Giving Incarcerated Fathers Hope for the Future

When the Urban League of Greater Atlanta surveyed young fathers who were incarcerated but near their release date about their highest priorities, the expected answers were making money, getting a car, or finding a place to live. But the number one answer was surprising. For these young fathers, their highest priority was wanting to be the best parent they could be.

With that information in hand, The Urban League approached Families First to join forces with their Urban Youth Empowerment Program (UYEP) Young Fathers Program. Young adult fathers ages 18-24 with current or prior involvement with the criminal justice system who participate receive access to individualized case management, career advisement in high-demand industry sectors, educational enhancement opportunities, credential attainment, mentoring, career readiness training and employment opportunities.

The partnership began in February 2020 at the Douglas County Detention Center and was a success. This led to expansion in Cobb, Fulton, and Henry Counties with expansion to DeKalb County planned later this year.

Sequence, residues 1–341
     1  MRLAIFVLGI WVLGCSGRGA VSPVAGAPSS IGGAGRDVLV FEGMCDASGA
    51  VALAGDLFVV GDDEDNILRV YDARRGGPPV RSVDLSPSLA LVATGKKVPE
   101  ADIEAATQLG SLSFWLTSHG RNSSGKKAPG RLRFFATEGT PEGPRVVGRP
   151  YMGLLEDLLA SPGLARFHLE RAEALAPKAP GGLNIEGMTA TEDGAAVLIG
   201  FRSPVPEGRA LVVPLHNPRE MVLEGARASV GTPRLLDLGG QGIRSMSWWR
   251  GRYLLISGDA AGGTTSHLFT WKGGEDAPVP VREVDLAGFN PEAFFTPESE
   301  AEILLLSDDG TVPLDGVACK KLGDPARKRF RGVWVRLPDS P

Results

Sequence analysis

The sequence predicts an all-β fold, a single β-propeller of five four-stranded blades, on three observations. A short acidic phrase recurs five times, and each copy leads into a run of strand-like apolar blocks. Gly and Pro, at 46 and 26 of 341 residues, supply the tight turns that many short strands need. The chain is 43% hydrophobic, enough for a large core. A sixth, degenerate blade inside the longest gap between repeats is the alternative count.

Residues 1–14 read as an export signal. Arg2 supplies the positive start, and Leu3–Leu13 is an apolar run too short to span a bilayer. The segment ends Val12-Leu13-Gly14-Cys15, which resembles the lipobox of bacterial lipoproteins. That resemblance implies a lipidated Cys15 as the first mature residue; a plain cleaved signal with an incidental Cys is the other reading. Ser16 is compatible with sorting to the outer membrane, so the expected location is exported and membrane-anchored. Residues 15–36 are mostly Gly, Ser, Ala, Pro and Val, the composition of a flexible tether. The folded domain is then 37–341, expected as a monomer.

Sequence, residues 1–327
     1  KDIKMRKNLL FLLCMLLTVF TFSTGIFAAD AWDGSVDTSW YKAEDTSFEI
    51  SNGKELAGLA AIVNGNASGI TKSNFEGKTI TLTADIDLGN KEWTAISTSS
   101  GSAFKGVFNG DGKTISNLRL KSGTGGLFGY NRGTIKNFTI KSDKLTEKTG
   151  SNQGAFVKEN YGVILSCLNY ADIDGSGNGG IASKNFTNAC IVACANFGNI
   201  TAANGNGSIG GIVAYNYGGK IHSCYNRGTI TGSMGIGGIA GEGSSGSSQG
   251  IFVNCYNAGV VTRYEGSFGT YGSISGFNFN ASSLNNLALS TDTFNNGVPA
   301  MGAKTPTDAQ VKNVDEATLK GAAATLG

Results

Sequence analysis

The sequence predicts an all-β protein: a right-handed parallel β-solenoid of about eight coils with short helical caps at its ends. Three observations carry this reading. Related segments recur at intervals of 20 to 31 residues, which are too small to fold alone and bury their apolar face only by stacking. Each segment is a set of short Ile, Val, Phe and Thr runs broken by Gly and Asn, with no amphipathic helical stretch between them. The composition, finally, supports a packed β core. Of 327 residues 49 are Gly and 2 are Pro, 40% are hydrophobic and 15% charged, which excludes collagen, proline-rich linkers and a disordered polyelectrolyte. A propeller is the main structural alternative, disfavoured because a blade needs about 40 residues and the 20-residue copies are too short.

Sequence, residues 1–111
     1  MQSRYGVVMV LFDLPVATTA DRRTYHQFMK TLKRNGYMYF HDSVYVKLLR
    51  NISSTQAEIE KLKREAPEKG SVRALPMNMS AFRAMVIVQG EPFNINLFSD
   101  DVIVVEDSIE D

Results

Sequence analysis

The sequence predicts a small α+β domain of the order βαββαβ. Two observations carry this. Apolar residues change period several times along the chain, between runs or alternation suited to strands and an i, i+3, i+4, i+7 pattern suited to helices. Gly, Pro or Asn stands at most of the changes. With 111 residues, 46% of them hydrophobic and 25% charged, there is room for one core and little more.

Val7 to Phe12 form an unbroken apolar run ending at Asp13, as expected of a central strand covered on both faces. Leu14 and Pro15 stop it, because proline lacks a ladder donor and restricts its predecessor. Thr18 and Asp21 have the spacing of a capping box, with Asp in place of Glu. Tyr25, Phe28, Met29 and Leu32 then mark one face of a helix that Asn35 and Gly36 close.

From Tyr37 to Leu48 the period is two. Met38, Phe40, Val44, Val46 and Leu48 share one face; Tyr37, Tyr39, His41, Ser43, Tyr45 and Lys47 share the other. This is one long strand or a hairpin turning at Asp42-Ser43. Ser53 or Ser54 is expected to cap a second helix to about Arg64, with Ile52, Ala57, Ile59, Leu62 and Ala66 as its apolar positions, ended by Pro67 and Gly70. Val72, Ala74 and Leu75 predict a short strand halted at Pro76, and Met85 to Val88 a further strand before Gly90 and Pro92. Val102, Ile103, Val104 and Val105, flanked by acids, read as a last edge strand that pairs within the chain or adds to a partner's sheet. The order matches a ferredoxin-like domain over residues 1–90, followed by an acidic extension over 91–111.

“The investment these young men make in learning to be good fathers is impressive”

Paula Moody

While participating in the Urban League program, a Families First Navigator also works with the fathers to provide linkage to vocational services, Parenting Time services including access and visitation, legal resources such as the Atlanta Legal Aid Society, and internal referrals for Families First’s Behavioral Health Department.

Most importantly, we work to help these young men learn how to be the best parent possible. While incarcerated, the physical separation combined with the stigma of that incarceration or broken bonds with the family place obstacles between father and child. With the Urban League, Families First is breaking down those barriers.

Because of the investment of our donors in our mission, 20 young fathers have successfully completed the program since February 2020. With services briefly pausing due to COVID-19, the program is expected to reach an additional 50 young fathers by the end of the year.

“These men take this commitment more seriously than almost any other group of people we work with. When they complete the program, they are prepared for a fresh start with their children, have built resilience, and are equipped to lead successful lives after prison,” said Paula Moody, Chief Programs Officer at Families First.